Designing Shirts and Reading Books - Fodder for My Fiyah!

I found the treasure!
What do hot chicks and barefoot running have in common? A tshirt. Yup. I've been working my little ass off designing another BFR tshirt for my next giveaway. I'm currently putting the final tweaks on it, but I'm afraid my head won't stop. I have a few more ideas I have to unleash before I can reveal the designs. Its been hard to find time, lately. I've been feeding the Fiyah which leads to more inspiration, but ironically less time to actually create.

So, what have I been doing to feed my creative muses?

Well, something most barefoot runners have already done prior to learning to run barefoot. Reading about it. I hate to admit it, but I haven't read a lick about barefoot running except for the bits and pieces of information I find on the BRS forums. The one book I've wanted to read, but was holding back on, is now dog-eared at page 161. Christopher McDougall's Born to Run

This book was temporarily off my "to do" radar until a good friend of mine picked it up on her way to Vegas. I get a text from her mid flight saying "OMG!! You have got to buck up and read this!!!" She knew I wanted to read it, but heard my myriad of excuses about "not being ready... yet." I'd heard the book was not only inspirational, but the people who read it find themselves suddenly igniting lofty goals. Like signing up to run their first marathon... barefoot. Or deciding they want to do their first ultra. Seriously? I don't have time to train for a marathon let alone an ultra! And already being a runner at heart and it already being my passion, I could only imagine what kind of goals would transpire after I finished the last page. So my plan was to put Born to Run on the back burner until my kids were older. That was my plan. Until now.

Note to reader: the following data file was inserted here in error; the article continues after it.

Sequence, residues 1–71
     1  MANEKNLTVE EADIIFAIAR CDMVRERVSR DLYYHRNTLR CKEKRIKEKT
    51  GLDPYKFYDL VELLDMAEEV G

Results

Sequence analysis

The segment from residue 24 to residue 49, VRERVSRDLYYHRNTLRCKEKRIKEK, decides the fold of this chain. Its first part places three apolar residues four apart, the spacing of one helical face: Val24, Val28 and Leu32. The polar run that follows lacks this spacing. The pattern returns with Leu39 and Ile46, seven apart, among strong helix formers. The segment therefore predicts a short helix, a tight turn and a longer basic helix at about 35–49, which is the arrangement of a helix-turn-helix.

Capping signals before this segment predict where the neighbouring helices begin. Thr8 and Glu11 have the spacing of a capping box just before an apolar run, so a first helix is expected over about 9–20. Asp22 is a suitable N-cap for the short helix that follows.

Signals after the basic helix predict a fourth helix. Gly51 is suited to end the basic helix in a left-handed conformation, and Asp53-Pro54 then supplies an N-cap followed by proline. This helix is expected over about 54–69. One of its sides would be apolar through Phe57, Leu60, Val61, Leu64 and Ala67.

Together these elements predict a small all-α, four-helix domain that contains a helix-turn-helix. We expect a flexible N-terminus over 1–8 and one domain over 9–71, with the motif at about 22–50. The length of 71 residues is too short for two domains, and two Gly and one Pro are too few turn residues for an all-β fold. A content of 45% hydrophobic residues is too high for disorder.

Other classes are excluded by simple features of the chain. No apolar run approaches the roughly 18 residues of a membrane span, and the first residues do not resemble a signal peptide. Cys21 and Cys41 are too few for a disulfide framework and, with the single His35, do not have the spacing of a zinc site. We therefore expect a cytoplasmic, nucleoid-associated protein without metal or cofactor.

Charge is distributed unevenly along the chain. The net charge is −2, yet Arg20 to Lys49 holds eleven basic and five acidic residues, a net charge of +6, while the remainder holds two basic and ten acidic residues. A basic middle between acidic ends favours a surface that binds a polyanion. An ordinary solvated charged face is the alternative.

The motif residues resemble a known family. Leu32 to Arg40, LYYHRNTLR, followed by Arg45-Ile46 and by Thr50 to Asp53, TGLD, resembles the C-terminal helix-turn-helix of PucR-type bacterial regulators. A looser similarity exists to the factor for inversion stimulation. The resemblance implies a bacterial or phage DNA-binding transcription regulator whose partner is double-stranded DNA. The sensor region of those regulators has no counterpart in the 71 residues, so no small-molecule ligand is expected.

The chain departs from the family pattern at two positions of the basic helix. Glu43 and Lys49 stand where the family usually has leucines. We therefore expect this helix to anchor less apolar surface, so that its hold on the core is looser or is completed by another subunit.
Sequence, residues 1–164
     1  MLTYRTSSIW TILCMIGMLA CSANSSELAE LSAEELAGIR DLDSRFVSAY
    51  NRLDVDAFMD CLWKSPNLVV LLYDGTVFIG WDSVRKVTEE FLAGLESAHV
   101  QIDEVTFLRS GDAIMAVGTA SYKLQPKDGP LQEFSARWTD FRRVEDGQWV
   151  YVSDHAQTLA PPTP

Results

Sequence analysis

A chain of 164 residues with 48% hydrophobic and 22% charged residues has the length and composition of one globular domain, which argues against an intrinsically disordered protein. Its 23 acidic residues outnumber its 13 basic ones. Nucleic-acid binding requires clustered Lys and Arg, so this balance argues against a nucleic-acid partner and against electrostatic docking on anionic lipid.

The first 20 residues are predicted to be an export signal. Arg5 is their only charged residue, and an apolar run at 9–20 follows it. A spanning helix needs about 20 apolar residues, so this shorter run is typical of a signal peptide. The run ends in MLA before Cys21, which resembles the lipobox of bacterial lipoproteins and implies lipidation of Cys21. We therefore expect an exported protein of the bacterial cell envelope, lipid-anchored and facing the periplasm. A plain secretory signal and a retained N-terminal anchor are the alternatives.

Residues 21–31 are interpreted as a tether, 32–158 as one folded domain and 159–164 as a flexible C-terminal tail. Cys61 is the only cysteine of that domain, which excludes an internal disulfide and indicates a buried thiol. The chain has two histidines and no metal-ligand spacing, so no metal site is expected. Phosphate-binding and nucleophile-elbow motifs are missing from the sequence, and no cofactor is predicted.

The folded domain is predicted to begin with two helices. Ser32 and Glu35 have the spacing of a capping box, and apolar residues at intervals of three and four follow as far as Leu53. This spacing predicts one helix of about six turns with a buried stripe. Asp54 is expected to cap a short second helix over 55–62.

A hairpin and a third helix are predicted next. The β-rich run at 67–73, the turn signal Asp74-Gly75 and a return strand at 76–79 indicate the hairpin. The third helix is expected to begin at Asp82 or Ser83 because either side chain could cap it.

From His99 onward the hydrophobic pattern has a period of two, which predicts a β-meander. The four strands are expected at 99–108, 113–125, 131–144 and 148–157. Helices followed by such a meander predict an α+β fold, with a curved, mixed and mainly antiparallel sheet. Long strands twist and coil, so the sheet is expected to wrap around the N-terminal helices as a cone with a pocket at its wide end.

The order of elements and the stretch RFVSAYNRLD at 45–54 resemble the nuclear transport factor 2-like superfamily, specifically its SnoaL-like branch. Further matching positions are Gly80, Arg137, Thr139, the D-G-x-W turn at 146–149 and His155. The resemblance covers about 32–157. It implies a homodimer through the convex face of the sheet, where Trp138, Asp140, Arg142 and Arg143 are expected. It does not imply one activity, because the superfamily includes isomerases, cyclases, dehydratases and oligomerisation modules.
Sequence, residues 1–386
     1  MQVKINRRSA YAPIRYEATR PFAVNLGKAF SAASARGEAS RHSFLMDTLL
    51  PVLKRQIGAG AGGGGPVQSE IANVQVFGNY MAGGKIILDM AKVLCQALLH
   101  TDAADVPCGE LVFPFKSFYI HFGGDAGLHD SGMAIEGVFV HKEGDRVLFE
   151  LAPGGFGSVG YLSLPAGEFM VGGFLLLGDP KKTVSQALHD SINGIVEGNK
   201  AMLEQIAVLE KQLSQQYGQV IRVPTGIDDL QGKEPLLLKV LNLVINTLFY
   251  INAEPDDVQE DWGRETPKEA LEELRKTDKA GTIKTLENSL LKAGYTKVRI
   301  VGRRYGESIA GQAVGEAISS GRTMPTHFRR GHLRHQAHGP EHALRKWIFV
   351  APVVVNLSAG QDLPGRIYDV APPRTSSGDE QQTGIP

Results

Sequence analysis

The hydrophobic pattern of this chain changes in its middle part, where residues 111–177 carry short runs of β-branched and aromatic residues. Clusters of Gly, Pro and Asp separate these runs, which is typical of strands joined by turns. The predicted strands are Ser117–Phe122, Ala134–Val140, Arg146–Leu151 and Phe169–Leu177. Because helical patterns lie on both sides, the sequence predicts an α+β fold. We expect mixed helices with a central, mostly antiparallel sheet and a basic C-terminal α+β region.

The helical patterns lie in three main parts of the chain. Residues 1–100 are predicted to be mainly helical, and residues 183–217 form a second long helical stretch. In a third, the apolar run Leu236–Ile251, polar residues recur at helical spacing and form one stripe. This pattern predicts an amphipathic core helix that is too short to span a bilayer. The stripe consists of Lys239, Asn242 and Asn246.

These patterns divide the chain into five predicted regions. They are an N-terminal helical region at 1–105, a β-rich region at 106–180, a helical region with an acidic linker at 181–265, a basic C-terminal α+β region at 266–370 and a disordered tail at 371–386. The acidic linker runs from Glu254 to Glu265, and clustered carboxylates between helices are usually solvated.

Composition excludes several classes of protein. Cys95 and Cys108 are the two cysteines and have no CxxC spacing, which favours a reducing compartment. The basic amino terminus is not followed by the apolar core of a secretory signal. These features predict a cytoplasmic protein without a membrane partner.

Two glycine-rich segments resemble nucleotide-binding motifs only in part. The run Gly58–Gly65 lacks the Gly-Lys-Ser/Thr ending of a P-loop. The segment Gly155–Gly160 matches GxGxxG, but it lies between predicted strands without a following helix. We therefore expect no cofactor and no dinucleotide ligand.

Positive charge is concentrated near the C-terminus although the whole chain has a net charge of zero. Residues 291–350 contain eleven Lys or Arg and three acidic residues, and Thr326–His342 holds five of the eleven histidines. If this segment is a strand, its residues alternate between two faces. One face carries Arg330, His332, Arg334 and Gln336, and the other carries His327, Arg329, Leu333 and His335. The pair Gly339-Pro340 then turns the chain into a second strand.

The next text I got from my friend said something like this... 
"I'm in Vegas, walking down The Strip barefoot! Its awesome! I'm really drunk." 

Ok. That confirmed it for me. People really do crazy shit after they read this book. The Vegas Strip? Really? And drunk? Not exactly the best of decisions, but I was happy she was feeling the fiyah! Now she got it. I wasn't so crazy afterall. In fact, I was feeling like the sensible one at that moment. Really sensible. I texted her back to take it easy... and... for pete's sake!! Watch where she was stepping!!! And then I thought to myself... Damn! That must be a good book! I don't care what it makes me do, I want in on that action! To hell with it. I've got to read that book.

So for Mother's Day, my husband drew me a pirate map. Yes. A pirate map. Because we have pirate dinners at our house on occasion. You know? Where you get to eat with your hands and you can forget about table manners. These dinners are never complete without a treasure hunt for the kids, and on Mother's Day, for me too. So I followed my map and it led me to my new book. 

So far, it has sucked me in just like everybody said it would. And even though my plans to do my first half marathon mountain run were already in the works before I opened the cover, I'm definitely using the book as fodder for my running fiyah. And I will need that inspiration come July and August when I plan to do my first serious trail races completely minimal. I'm struggling with the shoe part, but I'll have to leave that for another blog post.

In the meantime, I'll be finishing up on these tshirt designs and posting the giveaway soon so keep checking back!
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Comments

  1. I signed up for my first marathon within minutes of finishing BTR. But more than anything, it took away any remaining notion I had that my desire to run long distances wasn't "normal". Now I know that I'm normal, and everyone who thinks running is stupid is weird.

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  2. The book was a great read and a great motivation. Definitely one to keep on the shelf and dust off each year. As far as shoes go MGBG and I are both fans of Soft Star's shoes. Ugly but so functional and comfortable you won't care.